Duke Performances brought the unusual company Classical Theatre of Harlem to Reynolds Theater for a residency including work with local schools and universities and a revival of the funky Melvin Van Peebles play Ain't Supposed to Die a Natural Death, and culminating with a two-night run of the company's adaptation of Shakespeare's Romeo and Juliet.
Having seen CTH's almost dancerly version of King Lear last winter, I was expecting the movement-driven staging in a minimal but versatile set with costumes and music that effectively transferred the action to an imagined Harlem of the near future. I was not prepared for the radical reduction of the play to a one-act from which much gorgeous language had been excised, or for the directing choices that made the speeches the least important aspect of the production. And I was truly not prepared for most of the tragedy, and all of the subtlety, in this tragic play being supplanted by a cheap TV-style comedy.
Although there were some very clever bits, such as causing the Friar's message to Romeo to go astray by sending a FedEx letter via UPS, and making the apothecary a homeless drug pusher, it is hard for me to imagine that anyone familiar with the play from page, stage or screen would have been satisfied with this production. I can see that it could — and probably did, judging from audience reaction — work for inexperienced viewers. It functions somewhat like West Side Story did, putting the story in a contemporary context for people not used to making the imaginative leap across time and cultures to get at the timeless human drama. However, in West Side Story, there is no flattening or attenuation of the dramatic arc, no rushing through the speeches so that they became incomprehensible, no replacement of characterization with bombastic posturing.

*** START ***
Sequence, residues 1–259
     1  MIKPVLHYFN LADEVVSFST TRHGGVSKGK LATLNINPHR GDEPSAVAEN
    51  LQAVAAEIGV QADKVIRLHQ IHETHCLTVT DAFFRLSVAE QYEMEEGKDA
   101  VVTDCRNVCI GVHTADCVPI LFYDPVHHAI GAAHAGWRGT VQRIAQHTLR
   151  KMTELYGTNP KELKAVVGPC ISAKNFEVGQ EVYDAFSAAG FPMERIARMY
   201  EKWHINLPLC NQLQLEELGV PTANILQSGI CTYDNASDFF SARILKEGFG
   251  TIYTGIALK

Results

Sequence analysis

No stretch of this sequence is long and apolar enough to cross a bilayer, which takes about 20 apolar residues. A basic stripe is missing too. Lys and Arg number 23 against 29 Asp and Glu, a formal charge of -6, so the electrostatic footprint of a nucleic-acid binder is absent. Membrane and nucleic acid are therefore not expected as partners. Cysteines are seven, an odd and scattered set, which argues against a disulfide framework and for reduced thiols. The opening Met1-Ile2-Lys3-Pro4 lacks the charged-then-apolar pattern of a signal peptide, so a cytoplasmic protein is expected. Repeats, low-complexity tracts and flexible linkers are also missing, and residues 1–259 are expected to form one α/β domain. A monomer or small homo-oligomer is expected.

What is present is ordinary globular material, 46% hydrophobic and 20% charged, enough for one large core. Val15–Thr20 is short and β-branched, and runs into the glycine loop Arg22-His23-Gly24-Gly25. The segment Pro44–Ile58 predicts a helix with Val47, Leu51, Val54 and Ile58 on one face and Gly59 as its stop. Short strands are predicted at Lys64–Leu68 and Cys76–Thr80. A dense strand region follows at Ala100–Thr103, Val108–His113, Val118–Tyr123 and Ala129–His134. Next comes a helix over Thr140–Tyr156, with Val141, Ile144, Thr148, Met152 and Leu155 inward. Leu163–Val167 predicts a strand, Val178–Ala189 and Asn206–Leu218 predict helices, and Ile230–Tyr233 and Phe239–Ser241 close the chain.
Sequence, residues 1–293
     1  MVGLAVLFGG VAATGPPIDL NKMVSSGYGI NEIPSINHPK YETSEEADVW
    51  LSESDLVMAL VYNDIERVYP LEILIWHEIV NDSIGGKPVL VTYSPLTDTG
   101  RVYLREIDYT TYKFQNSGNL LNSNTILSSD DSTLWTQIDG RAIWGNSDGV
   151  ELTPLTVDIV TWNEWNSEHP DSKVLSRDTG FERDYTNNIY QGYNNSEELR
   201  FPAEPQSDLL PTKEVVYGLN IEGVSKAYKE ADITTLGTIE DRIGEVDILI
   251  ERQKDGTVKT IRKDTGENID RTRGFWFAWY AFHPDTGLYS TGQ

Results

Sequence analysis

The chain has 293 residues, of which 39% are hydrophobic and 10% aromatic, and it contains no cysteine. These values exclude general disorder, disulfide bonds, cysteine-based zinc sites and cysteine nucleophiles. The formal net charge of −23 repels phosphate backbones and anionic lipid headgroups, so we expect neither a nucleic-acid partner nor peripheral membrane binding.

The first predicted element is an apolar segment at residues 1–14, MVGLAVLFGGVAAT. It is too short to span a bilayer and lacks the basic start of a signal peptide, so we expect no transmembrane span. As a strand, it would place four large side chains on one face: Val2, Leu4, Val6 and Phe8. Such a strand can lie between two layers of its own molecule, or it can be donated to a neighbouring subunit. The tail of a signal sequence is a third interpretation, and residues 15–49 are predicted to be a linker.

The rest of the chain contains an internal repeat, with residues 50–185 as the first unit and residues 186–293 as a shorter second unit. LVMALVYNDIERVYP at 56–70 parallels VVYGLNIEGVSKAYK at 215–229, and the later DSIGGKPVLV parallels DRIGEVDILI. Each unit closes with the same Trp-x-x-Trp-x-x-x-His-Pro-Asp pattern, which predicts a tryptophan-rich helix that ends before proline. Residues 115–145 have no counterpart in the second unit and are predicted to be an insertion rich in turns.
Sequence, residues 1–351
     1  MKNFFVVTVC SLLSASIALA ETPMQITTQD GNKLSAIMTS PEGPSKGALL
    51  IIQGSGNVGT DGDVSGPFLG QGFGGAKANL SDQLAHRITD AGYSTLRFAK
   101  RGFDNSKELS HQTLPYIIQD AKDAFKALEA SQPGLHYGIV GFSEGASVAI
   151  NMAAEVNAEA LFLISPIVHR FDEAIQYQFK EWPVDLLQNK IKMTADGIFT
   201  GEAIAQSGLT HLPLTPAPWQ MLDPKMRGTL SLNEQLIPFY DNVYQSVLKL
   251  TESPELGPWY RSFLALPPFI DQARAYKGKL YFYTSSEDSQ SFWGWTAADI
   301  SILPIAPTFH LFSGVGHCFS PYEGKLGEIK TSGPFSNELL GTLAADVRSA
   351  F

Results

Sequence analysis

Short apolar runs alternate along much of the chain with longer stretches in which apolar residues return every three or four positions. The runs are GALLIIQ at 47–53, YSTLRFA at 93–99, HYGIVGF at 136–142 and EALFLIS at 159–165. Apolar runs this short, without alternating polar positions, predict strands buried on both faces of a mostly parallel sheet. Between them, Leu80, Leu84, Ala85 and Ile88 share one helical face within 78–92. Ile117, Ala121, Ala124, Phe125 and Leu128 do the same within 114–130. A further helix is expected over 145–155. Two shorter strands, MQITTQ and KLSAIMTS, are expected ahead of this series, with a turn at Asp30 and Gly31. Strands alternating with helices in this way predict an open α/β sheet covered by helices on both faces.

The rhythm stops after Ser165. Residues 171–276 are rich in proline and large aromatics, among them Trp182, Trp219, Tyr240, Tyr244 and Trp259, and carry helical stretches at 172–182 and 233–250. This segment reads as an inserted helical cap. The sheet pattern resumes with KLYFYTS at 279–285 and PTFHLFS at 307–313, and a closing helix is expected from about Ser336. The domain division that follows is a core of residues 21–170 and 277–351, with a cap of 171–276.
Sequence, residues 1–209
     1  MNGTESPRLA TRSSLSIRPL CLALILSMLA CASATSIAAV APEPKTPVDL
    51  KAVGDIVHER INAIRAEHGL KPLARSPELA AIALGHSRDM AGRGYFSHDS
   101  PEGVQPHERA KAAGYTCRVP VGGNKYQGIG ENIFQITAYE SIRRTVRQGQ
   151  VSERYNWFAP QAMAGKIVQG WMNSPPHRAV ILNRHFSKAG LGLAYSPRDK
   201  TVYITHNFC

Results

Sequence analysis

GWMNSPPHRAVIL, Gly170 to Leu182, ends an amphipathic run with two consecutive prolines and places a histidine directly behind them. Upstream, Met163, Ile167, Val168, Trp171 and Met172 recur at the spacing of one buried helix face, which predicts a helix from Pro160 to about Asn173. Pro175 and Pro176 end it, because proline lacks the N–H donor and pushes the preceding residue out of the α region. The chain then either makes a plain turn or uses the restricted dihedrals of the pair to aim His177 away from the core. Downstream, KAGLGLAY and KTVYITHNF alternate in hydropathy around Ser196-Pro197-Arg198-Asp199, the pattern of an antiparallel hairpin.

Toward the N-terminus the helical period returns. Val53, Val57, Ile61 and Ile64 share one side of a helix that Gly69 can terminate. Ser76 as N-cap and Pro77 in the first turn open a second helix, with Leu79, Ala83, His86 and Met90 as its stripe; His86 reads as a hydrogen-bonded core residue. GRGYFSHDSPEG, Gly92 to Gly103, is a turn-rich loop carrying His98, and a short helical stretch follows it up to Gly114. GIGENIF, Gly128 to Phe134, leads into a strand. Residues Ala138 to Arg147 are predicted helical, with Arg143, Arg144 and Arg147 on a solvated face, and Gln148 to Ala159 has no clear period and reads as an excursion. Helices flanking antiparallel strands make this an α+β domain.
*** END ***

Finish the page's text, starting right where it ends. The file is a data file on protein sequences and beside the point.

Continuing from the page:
The West Side Story reference is inescapable, because Andrea Cosley as the Nurse reminds one very much of Rita Moreno in the movie's parallel role. The Nurse was one of the more sympathetic characters here, but the only one who elicited positive feeling in me all the way through was Benvolio (the talented Tracy Jack). Juliet (Robin LeMon) had a fine moment in the balcony scene — but why was she mooning over that jerk Romeo? Romeo (Duane Allen) was good in the tomb scene — but why was he killing himself over her? Mercutio is generally my favorite role, but this Mercutio (Daniel Morgan Shelley) was so repellent that I was glad he died, and Tybalt (the sleek and powerful Keith Jamal Downing) was so ludicrous in his complaint that Romeo was interrupting their "solemnities" at the Capulets' nasty rout of a party that I wasn't sorry when Romeo skewered him, either.
Ideally, when watching Romeo and Juliet, you feel at least a little empathy for everyone — otherwise, where's the tragedy? The tragedy here was that this was a kind of Cliff's Notes version of the play, with a bullet for each action point but no discussion of its meaning or moral value, and perhaps the worst thing about it is that many people who saw this production now think they know the play.
Classical Theatre of Harlem: http://www.classicaltheatreofharlem.org/. Duke Performances: http://dukeperformances.duke.edu/programs/shakespeare/romeojuliet.php [inactive 8/08]. SHAKESPEARE RESOURCES (courtesy the University of Virginia): http://etext.virginia.edu/shakespeare/ [inactive 3/10]. E-TEXT (courtesy UVa): http://etext.virginia.edu/toc/modeng/public/ShaRJF.html (1623 First Folio Edition) and http://etext.lib.virginia.edu/toc/modeng/public/MobRome.html (1866 Globe Edition).